Loxie says when she returned from a trip in June 2017, she couldn’t find her daughter, Ashley Loring.
 
“I called the Bureau of Indian Affairs and reported my daughter missing. They didn’t take it serious,” says Loxie, who is a member of the Blackfeet Tribe in Browning, Montana. “The Bureau of Indian Affairs didn’t go search for her until June 29. It took 14 days for them to actually go out and search. The evidence, if there was anything there, was gone.”
 

Loxie says she took the search into her own hands. Find out what she says she learned about her 20-year-old daughter’s disappearance in the video above. And, Loxie is joined by Tribal filmmaker, Rain, whose films “Say Her Name” and “Somebody’s Daughter” have drawn international attention to the murdered and missing Indigenous women crisis. Hear why he says he believes the disappearance and murders of Indigenous women are not more thoroughly investigated.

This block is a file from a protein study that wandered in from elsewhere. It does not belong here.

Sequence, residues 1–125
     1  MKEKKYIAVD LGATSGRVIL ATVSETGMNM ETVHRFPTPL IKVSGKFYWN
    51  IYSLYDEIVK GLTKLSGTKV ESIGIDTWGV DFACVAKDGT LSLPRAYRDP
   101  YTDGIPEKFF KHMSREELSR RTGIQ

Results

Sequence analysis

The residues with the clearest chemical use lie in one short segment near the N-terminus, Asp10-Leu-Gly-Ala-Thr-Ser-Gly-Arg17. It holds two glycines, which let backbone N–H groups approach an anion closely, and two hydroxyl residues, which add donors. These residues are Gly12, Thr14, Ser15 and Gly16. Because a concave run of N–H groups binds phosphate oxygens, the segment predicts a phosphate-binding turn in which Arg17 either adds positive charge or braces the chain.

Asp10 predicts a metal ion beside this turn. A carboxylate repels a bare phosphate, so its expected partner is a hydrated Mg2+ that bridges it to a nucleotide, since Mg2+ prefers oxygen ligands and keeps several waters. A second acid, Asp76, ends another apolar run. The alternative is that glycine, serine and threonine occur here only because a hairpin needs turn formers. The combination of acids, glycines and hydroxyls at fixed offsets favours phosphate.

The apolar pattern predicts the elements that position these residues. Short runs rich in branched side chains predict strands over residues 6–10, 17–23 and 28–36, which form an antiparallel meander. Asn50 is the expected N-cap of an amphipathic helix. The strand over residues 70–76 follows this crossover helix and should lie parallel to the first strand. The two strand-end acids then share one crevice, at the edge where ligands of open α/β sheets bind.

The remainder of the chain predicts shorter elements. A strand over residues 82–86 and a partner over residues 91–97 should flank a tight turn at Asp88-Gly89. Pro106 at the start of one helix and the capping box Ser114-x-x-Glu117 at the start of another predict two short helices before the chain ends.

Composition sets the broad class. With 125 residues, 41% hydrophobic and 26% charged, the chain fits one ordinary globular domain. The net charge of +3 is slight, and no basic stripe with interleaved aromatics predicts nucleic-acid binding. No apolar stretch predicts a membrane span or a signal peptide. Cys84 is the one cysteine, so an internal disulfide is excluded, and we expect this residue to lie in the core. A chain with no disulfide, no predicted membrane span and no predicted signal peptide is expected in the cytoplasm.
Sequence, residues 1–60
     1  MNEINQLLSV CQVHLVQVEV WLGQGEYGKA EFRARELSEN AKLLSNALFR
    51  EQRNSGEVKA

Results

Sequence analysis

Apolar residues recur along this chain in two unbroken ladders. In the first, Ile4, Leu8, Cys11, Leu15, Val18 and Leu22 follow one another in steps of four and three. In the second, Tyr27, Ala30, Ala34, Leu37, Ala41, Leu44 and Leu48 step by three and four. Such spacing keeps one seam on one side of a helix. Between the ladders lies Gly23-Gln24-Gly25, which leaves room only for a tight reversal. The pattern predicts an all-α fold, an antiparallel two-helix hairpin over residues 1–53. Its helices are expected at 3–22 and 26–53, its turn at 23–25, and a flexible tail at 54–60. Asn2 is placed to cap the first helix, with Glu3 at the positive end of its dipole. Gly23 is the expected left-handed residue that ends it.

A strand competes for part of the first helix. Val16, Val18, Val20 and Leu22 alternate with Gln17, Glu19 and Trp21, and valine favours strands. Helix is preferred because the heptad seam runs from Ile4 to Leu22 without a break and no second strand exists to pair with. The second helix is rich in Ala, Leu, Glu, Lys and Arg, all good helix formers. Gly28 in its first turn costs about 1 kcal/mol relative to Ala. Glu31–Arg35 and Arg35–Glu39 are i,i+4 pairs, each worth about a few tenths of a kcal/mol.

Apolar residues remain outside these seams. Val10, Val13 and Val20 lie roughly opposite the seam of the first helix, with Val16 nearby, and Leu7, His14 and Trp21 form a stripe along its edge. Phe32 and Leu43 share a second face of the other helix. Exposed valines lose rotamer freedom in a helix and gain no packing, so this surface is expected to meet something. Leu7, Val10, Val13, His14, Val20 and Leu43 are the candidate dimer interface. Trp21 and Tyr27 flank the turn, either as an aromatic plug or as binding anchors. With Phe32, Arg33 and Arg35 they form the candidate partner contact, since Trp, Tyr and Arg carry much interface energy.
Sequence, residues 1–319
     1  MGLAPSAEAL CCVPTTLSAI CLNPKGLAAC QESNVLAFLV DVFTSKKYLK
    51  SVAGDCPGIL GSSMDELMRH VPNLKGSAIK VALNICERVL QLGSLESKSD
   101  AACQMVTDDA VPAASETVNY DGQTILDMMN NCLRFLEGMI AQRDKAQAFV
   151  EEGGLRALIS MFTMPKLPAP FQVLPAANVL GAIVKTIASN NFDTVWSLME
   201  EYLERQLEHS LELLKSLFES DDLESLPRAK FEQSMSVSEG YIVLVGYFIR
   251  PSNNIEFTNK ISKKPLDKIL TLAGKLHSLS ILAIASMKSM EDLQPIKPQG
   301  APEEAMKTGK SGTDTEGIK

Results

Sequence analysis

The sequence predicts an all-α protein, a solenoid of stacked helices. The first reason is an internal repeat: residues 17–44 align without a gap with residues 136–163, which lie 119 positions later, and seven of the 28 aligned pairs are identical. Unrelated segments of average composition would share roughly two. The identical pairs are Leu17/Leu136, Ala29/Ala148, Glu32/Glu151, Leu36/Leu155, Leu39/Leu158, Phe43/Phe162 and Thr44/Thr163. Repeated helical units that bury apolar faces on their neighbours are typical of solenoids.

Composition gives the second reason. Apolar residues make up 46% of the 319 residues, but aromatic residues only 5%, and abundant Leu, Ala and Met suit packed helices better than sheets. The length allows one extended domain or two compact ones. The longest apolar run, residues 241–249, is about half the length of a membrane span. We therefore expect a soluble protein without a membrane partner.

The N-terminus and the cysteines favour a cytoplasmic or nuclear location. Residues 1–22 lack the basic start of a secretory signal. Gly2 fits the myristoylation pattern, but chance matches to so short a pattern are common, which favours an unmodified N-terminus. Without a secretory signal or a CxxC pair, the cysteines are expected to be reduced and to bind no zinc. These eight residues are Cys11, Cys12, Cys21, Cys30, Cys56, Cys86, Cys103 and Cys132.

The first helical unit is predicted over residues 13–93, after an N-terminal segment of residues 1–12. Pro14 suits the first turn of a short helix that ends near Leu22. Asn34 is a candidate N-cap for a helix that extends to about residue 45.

On Tuesday’s episode of Dr. Phil, "Missing and Murdered in Montana," hear other stories of missing Native American women as Dr. Phil tackles this nationwide epidemic with Rain, former criminal prosecutor Loni Combs, and Representative Greg Stanton of Arizona. Check local listings to see where you can tune in.

WATCH: True Crime Investigator Loni Coombs Says Crisis Of Missing And Murdered Indigenous Women Is ‘Horrific’

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